Encourage your kids to participate in winter activities like skiing, snowboarding, sledding, and snow-shoeing, and figure out how to manage the demands of these winter sports.
Wet clothes and cumbersome equipment might make winter play intimidating, but getting your kids active in the snow is worth it.
Winter can be a dreary time of year, promoting indoor, sedentary activity. This is the main reason that kids and adults tend to gain weight during these months.
Winter is also sometimes associated with feelings of sadness or depression, which may be alleviated by sunlight and enough physical activity. Therefore, despite the challenges of cold, wet weather, winter is the perfect time to encourage your kids to try outdoor activities like ice-skating, skiing, snow-boarding, sledding, or snow-shoeing, to keep them active and energized through even the coldest days.
For many kids, traditional winter sports are very different from their usual activities, because winter sports tend to be slippery and cold. But, don’t let this be a deterrent. Instead, be prepared. Your child is more likely to enjoy herself if she has the correct clothing for the experience. For example, if you are going ice-skating for the first time, don’t underestimate the importance of gloves, warm socks, and a waterproof jacket and pants. These will keep your child comfortable even with many falls, which will help her to stick with the activity until she feels a sense of mastery.
Equipment is also important—because if it doesn’t fit well, your child will not have a successful experience. It can take multiple trips to the rental table in order to finally find the right fit, requiring a huge effort and lots of patience from you—I know this from many years of winter sports’ experiences with my three kids!
Like me, many parents find winter sports equipment to be cumbersome, complicated, and a bit intimidating. I am always exhausted by the time I finally get my kids dressed, equipped, and ready to go. But, in the end it is definitely worth it—the sense of accomplishment that comes with trying a new activity is a wonderful feeling for most children.
So, they’re bundled up and ready to go…but still reluctant? Since kids learn by example and feel more secure when they are not alone, one of the best ways to encourage your child to participate is to do the activity with them, or get an older sibling or babysitter to do so. If it really is too difficult to have someone else participating with your child, then be sure to stand and watch the entire time. Take pictures, call out encouraging words, point out every improvement, and downplay each mistake or fall. This is not the time to go inside for a cup of hot coffee. Stick it out with your child—it will be worth it!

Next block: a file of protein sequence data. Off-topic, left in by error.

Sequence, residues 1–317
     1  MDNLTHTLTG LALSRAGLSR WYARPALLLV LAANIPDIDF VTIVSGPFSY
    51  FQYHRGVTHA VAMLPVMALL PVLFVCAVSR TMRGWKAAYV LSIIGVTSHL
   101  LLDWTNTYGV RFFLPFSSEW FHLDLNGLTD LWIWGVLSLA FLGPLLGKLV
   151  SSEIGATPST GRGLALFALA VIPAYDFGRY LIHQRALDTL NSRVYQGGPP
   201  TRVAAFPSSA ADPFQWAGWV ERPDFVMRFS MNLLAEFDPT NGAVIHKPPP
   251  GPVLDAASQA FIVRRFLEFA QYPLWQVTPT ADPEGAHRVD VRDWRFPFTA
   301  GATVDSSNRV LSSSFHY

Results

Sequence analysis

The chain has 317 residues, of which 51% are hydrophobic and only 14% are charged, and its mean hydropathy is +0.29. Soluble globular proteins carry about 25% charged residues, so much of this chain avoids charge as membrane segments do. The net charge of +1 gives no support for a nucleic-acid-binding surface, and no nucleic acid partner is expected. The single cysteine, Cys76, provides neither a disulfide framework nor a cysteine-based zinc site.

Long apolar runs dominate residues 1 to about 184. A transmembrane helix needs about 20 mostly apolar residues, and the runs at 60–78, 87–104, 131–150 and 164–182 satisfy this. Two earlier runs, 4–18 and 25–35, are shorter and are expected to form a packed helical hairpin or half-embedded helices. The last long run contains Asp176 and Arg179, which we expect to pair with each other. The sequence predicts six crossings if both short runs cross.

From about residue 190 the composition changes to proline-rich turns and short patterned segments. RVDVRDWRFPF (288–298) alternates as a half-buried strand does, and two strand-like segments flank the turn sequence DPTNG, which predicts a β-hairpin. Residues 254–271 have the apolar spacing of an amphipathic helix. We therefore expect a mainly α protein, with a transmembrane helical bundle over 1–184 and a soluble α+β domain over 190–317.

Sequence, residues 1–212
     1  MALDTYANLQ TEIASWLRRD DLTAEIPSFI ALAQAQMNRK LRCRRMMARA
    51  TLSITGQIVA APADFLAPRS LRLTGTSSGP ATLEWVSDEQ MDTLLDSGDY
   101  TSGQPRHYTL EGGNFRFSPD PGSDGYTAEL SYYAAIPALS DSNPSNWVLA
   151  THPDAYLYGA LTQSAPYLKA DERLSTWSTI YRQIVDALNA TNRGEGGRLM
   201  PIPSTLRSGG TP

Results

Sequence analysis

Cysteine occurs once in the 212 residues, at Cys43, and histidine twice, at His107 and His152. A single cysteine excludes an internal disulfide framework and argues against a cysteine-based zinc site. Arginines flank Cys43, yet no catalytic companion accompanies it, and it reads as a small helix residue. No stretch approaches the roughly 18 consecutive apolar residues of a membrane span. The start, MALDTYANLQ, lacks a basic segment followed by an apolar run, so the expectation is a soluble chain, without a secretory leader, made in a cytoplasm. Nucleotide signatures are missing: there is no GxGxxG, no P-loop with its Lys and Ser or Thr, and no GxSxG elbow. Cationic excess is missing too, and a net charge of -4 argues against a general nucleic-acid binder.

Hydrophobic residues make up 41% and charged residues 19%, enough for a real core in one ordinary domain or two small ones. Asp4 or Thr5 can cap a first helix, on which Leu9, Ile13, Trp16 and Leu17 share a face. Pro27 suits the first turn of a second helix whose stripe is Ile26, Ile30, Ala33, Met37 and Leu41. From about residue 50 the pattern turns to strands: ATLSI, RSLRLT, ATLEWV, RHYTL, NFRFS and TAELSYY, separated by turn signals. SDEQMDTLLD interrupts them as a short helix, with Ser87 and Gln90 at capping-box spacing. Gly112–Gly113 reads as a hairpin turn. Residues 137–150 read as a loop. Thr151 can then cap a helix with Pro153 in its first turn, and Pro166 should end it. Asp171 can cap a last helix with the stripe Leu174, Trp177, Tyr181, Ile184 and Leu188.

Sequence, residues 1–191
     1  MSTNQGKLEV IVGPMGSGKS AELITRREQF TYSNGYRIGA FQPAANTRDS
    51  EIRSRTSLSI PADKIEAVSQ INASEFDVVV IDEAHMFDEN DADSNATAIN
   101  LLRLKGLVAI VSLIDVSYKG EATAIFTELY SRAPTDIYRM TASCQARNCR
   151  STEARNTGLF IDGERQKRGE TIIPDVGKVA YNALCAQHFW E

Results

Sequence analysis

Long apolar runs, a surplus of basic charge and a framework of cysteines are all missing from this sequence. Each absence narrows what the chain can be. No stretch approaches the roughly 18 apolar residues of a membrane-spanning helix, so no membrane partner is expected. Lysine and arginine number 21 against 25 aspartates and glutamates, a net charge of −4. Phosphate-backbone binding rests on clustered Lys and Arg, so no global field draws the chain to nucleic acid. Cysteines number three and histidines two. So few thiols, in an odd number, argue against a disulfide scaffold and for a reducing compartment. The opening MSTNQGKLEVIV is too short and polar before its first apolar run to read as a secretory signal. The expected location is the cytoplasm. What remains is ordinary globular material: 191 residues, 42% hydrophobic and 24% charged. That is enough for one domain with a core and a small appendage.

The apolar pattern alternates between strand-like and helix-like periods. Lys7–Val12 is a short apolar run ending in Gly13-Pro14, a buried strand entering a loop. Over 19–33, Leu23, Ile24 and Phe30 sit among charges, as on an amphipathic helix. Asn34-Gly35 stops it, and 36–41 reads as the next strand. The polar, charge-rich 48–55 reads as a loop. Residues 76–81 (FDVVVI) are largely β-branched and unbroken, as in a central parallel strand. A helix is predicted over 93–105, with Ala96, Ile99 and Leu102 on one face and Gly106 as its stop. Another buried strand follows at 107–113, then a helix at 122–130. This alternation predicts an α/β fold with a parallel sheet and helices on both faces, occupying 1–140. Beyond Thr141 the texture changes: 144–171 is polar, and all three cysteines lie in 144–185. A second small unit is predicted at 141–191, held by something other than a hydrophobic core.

Finally, in some cases, the best way to encourage your child to try a new activity is to hire a pro. Your child may feel more secure and ready to continue if a professional teaches him the best way to get up when you fall as well as the basic moves necessary to feel accomplished. This is particularly true with skiing and snowboarding—two sports that demand a certain level of technique mastery in order to feel any success. Most mountains offer group classes that are very reasonably priced and really get your child moving. The bonus to these classes is that you can go inside for your cup of coffee and to rest for a little while before having to take all that equipment off your child.
Dr. Susan Bartell is a Long Island-based, nationally recognized child psychologist, speaker, and award-winning author. Her latest book is “The Top 50 Questions Kids Ask.” You can learn more about Dr. Bartell at drsusanbartell.com.
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